Vision loss can lead to isolation, depression and dementia. Everyday someone hears "You're going blind, nothing more can be done." Let's do something.
Real LifeDee is 79 years old with an easy smile and an indomitable spirit. She had a rich and happy life with her husband of 52 years. Then one September morning, he was diagnosed with stage-four cancer and within two months he was gone. Dee was devastated. But Dee's troubles did not end there. Eight months later, her ophthalmologist told her that the blurry lines she was seeing were the result of macular degeneration. He told her it would continue to get worse until she would be unable to drive, read or even recognize the faces of her grandchildren. There was nothing that could be done, he explained, and then he left the room. Dee was overwhelmed and felt her world spinning out of control. She had so many questions and no one to ask.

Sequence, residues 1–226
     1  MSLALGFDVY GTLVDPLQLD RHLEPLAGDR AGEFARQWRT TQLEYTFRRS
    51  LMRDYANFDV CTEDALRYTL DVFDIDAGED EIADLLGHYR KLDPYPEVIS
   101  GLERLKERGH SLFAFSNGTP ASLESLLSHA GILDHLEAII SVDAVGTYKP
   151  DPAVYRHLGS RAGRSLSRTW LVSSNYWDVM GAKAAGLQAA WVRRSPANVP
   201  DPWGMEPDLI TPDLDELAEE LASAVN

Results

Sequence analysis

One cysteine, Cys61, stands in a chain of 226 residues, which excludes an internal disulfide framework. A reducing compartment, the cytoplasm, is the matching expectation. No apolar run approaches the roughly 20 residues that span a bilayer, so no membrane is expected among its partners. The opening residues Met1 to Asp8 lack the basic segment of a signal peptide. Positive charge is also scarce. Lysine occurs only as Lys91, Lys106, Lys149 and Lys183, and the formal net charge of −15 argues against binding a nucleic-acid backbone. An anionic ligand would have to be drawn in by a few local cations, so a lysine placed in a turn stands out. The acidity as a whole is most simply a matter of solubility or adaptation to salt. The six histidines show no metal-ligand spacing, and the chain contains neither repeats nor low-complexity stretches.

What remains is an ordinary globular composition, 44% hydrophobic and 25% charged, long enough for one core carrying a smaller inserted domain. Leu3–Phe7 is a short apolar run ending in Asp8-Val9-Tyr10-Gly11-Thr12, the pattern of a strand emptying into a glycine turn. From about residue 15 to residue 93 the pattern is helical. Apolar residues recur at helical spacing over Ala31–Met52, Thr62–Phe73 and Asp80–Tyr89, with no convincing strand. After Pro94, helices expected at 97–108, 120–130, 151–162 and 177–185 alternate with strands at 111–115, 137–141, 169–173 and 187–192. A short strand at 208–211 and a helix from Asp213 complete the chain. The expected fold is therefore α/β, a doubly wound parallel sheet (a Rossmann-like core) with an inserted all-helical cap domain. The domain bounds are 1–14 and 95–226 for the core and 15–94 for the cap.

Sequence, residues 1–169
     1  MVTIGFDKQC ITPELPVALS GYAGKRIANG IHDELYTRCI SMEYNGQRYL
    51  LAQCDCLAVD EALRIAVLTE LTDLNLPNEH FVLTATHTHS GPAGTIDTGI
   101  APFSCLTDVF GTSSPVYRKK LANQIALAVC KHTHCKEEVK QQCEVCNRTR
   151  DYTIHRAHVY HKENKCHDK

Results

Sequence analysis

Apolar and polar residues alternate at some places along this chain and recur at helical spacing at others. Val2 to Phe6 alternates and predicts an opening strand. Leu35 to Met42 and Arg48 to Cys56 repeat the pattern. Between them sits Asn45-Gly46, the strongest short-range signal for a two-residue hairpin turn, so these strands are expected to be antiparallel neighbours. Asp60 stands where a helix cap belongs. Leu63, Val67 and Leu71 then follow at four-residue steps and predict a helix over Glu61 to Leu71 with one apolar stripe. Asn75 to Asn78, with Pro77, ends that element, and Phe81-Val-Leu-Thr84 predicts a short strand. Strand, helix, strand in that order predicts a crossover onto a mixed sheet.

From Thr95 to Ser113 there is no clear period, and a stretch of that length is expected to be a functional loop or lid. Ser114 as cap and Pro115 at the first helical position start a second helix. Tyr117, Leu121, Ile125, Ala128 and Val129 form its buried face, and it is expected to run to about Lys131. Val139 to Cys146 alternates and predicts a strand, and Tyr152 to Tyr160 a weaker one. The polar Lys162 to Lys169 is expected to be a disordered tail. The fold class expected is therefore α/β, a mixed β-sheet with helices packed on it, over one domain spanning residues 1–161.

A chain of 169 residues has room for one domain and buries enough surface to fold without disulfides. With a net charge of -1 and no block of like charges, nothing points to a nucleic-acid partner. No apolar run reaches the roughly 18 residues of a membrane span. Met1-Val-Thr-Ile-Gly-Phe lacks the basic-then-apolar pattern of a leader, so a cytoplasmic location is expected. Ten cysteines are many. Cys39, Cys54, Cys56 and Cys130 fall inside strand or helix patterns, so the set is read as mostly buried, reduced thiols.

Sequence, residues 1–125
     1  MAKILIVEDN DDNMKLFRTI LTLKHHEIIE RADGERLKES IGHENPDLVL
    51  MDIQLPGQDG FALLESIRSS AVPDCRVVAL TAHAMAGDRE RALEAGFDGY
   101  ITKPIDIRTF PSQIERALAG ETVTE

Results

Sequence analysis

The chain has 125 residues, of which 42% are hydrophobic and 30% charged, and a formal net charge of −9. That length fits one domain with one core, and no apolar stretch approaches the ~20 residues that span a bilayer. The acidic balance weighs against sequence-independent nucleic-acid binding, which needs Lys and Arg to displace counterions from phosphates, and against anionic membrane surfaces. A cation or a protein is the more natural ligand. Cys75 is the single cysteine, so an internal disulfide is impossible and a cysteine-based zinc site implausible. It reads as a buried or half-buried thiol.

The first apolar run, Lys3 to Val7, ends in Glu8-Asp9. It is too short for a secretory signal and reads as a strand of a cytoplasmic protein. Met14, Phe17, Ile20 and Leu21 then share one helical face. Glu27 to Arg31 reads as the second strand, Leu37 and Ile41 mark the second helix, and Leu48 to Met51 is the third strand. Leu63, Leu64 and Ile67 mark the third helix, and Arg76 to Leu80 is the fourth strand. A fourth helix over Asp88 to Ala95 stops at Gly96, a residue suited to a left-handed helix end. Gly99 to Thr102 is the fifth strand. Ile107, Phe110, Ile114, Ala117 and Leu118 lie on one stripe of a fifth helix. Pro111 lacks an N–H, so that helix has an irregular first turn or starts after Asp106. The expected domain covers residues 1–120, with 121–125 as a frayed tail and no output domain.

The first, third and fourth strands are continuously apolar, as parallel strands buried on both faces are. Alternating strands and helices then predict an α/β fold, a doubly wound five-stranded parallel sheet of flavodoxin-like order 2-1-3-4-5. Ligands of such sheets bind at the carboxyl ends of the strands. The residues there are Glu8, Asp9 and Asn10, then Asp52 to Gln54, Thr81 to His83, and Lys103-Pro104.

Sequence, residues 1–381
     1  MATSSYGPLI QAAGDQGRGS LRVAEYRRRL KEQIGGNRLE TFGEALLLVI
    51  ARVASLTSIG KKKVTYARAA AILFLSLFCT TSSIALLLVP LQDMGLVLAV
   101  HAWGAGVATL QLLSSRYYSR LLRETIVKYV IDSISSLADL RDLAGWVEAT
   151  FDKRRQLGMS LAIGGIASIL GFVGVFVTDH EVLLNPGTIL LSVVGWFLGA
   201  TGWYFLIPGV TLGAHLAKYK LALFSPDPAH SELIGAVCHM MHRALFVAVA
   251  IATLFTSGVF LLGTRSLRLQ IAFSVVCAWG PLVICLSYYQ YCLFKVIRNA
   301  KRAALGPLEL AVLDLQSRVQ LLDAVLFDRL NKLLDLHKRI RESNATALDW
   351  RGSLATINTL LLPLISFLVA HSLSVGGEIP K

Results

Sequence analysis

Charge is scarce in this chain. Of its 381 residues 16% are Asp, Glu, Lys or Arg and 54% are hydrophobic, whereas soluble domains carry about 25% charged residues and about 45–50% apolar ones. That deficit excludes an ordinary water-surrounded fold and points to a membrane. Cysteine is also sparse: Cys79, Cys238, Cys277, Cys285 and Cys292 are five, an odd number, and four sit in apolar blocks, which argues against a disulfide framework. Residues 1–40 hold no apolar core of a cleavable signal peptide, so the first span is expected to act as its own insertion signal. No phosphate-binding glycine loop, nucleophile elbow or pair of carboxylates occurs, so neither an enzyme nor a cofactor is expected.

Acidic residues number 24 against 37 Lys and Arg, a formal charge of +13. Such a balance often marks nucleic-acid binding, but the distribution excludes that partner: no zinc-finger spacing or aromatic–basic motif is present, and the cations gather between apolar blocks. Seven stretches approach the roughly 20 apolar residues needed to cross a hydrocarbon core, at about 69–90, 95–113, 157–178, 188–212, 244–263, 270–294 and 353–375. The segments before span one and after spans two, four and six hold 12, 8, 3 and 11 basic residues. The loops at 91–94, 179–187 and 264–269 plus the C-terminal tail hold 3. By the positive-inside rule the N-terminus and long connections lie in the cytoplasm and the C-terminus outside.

Luckily for Dee, she found Second Sense and our training programs. She worked with our staff to learn how to do all the daily tasks she needed to live independently.The most intense was mobility training, where Dee learned to use a white cane to identify her environment. After 30 hours of instruction, Dee was able to go places that had been impossible for her to go to alone."It was amazing how much it takes just to cross a street," Dee explained. "It is never the same from one time to the next. I have to listen to the sound of cars and know how the traffic lights are timed to decide when a car is making a left turn or not."
Dee recently had a mini-stroke, making her vision worse than before. "My vision is even less now and more blurry, but I keep trying. I will not give up. I keep focusing on the positives and all the blessings in my life."